This week, Gov. Doug Ducey and the Arizona Commerce Authority partnered to host a roundtable with more than a dozen local entrepreneurs to discuss the successes and challenges of being a startup leader in the state.
The roundtable, hosted at Galvanize in Downtown Phoenix, featured entrepreneurs who participated in ACA’s Arizona Innovation Challenge – a technology commercialization competition that has awarded 90 leading tech companies since 2011.
Participating in the roundtable were local tech firms such as Freestar, Beacon Biomedical, BrightGuest, CI Tracker, Admiral Instruments, and Digitile, among others.
Gov. Ducey kicked off the event by welcoming the entrepreneurs and thanking them for their efforts as state business leaders and innovators.
“We’re not really in political election season yet, but we’re close, and one of the things I get the biggest kick about is all these politicians and people running for office talking about the jobs that they’re going to create,” Gov. Ducey said. “Politicians don’t create any jobs; it’s people around this table and your employees and the entrepreneurs in this country that create jobs – the people that take on the risk. But a governor can create the environment in which jobs can be created, and that’s been my objective.”
The governor emphasized the glowing health of the Arizona economy, citing its billion dollar surplus, investment in K-12 education, widespread job creation, and the rapid growth rate of Maricopa County.
After participating members introduced themselves, the roundtable broke out into a discussion about economic development in Arizona compared to other tech hubs, such as Silicon Valley.
“We go to Silicon Valley for economic development; we talk to the leaders up there. Many are household names; they are not necessarily going to relocate from Silicon Valley, but they are not going to scale up businesses there any longer,” Gov. Ducey said. “And I think five years ago, they were looking at Nevada, Utah, Colorado, and Arizona; today, I would say we’re their first stop.”
Shon Burton, founder and CEO of recruiting software firm HiringSolved, explained that the programming talent from Arizona State University and the University of Arizona is among the best in the nation. And because of the affordable cost and high standard of living, that talent tends to stay in the area instead of migrating towards more expensive locations, such as northern California.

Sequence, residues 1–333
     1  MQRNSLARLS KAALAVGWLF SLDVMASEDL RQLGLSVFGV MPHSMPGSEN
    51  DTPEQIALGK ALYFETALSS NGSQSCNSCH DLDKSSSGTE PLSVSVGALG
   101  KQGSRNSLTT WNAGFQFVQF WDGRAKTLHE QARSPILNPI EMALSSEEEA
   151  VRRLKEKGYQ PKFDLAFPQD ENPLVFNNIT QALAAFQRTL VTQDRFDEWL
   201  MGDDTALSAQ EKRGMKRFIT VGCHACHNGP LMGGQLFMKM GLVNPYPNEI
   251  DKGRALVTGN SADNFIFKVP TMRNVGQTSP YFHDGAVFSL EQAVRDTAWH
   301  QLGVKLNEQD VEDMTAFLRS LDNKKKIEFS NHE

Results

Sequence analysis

During the discussion, many entrepreneurs highlighted health care as one of their main challenges as small-to-mid-sized business owners. For example, James Bates, CEO of AdviNOW Medical, noted that his firm cannot easily locate its automated medical clinics in grocery stores because of the limitations of Medicare and Medicaid. “We still run into a lot of roadblocks when it comes down to creating a system that is good for the state and federal government, as well,” he says.
Gov. Ducey responded, addressing the state of national health care policy, “We can influence, and we like to raise our flag and raise our hand to be a test state. I think there’s a desire in public discourse that we need some one-size, top-down, centralized system. To me, that’s not going to work. The only way out of many of these problems is to innovate and to allow different states to compete while protecting consumer and public health.”
Health care poses challenges for potential entrepreneurs, as well, according to Persosa CEO and Founder Gregory Lim. He pointed out that a handful of his peers chose not to pursue an entrepreneurship venture because the costs of health care were so prohibitive.
To this, Breezing CEO Andrew Steele responded with a proposal for a “health tech sandbox.” The state already hosts financial tech and property tech sandboxes, he explained; a sandbox focused on health care could be the next best step for Arizona and its flexible regulatory policy.
Mike Kovarik, CEO of Platform as a Service firm Attribytes, asked about where Arizona is leading and where the governor sees opportunities for growth. Governor Ducey highlighted the elimination of regulatory hurdles as one of the main strengths of Arizona. The elimination of 1,098 regulations was the equivalent of a $73 million tax cut, he noted.
“I have three asks of this group: one is, we do want your ideas. I think that a health tech sandbox is something I want to do. The idea of what is the better tax policy and regulatory policy; those are things we can apply. So, keep your ideas coming, I’m going to listen,” Ducey said. “Two, I want you to have lower costs and higher quality for your customers. So, ask your supply chain, your distributors, your vendors to move to Arizona. Lastly, my only ask is that you have incredible success. The more success you have, the more growth you have, the more people that you’re going to have to hire, the more employees that you’re going to have that are paying taxes and participating like you are – that takes care of all the other problems I have in public policy.”